Like thousands of other people around the UK each year, you may have reached the stage where your current home no longer has enough living space for your needs, but are reluctant to move house. In this case a house extension is probably your best option. The good news is that a high-quality house extension will almost certainly cost you less than moving to a bigger home, while also increasing the value of your property when you do come to sell. You must now decide what sort of extension you need for your family. In this article we will briefly introduce the main types of house extension, to give you an idea of the possibilities for your property.
The cheapest and most simple form of extension are conservatories. These glass or plastic constructs range from the simple to the magnificent and are a popular option for people looking for an additional living room, or a bridging space between house and garden. So long as you use high quality double glazing and good insulation, your conservatory should be usable most of the year. What is more, most conservatories fall outside building control regulations and therefore do not need building control approval, they do however quite often need planning permission.
If you have the space and budget you may even wish to extend the conservatory idea and build an extension for a swimming pool. Leisure pools aren't solely for millionaires; a basic heated swimming pool is within the reach of many large property owners. Your swimming pool extension itself may resemble a large conservatory, or it may be more like a brick extension. Speak to us if this is what you had in mind.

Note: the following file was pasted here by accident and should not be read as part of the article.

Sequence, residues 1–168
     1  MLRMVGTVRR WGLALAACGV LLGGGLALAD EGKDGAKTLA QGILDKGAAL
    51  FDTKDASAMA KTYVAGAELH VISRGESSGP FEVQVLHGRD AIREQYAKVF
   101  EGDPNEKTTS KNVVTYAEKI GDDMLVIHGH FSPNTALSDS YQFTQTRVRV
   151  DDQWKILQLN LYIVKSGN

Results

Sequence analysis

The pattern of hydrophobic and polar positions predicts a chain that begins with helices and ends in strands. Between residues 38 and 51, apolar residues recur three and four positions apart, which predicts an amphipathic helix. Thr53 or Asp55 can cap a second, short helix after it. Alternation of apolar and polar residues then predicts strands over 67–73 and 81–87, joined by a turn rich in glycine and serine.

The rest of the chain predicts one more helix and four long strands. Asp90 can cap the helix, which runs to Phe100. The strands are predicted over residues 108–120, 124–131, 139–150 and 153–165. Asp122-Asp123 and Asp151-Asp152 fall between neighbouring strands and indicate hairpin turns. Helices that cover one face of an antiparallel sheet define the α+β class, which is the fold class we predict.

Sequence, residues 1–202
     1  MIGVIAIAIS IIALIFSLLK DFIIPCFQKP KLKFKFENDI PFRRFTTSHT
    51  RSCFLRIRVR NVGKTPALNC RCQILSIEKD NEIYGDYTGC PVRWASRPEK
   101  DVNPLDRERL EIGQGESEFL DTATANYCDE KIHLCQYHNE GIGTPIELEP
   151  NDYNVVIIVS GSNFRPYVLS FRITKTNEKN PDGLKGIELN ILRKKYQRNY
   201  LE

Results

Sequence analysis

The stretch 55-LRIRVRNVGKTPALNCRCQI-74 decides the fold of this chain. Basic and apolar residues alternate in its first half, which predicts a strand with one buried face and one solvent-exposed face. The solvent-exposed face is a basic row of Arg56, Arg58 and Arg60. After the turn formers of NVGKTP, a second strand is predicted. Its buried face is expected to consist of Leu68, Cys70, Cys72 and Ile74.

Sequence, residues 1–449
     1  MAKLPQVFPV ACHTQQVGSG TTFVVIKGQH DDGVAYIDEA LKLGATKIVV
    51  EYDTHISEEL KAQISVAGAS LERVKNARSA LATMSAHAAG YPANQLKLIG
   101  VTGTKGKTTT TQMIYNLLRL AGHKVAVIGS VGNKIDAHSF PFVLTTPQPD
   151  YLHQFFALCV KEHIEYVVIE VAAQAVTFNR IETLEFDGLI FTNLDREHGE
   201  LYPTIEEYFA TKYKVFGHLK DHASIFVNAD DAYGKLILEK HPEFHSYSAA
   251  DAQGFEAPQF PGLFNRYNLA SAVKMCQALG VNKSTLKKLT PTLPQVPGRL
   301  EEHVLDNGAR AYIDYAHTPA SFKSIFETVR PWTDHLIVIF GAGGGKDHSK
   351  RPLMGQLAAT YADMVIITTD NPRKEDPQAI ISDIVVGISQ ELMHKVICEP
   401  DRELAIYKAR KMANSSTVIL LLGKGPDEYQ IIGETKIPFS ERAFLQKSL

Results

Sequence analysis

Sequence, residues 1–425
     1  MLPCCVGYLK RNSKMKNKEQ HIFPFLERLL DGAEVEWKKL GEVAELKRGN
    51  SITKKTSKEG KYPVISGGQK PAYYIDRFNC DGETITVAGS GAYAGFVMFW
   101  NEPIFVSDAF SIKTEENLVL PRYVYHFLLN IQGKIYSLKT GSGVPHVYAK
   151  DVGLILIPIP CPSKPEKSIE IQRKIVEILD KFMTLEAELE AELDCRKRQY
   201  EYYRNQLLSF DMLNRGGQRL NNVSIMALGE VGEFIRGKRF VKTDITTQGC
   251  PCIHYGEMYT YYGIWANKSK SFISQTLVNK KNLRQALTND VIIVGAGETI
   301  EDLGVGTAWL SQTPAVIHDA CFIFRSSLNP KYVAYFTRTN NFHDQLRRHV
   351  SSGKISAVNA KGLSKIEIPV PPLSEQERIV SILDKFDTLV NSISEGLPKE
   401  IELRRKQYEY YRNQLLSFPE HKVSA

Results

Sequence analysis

Loft Conversion / Extension
If you have a large loft area, you may wish to convert it from empty storage space into one or more additional rooms. We have designed loft conversions that incorporate new guest bedrooms, additional bathrooms, offices and games areas. A loft conversion can be taken on as a stand-alone project or as part of a multi-storey extension. If you want a loft conversion but don’t currently have standing room, it is possible to build a roof extension to create additional height. Of course, this will depend on the type of property you own. A roof extension is not always possible in a semi-detached house.
Single Storey Brick Extension
For owners of semi-detached and terraced properties, single-storey brick extensions are a fast and affordable way of creating extra space at home. Adding a simple extension onto the back of your property, for instance, will free up space to expand your kitchen or transform part of your downstairs area into an open plan living space. You can also extend out to the side (space permitting) to incorporate an office, gym or storage area. If your house is a Victorian or Edwardian building, you may have an un-used ‘side return’ area. These were originally intended as access routes to outdoor toilets and wood sheds, but now make perfect spaces on which to build an affordable side extension.
Two Storey Brick Extension
A two-storey brick extension extends the entire house out to the side or back. These are more complex undertakings and will nearly always require planning permission. They also cost more overall to build than single-storey extensions. However, a multi-storey extension has the potential to massively increase the value of your property, as well as almost doubling your living space. This is an option to seriously consider if you need living space for more than one reason, such as an extra bedroom, bathroom, extended kitchen or home office. Also, a large extension will give you the benefit of economy of scale. It is always cheaper to buy building materials in bulk rather than smaller quantities, so taking on a large build will give you access to bricks, sand, gravel and so on, at lower prices per unit. If you do your research, this could give you a very favourable cost per square metre compared with a small extension.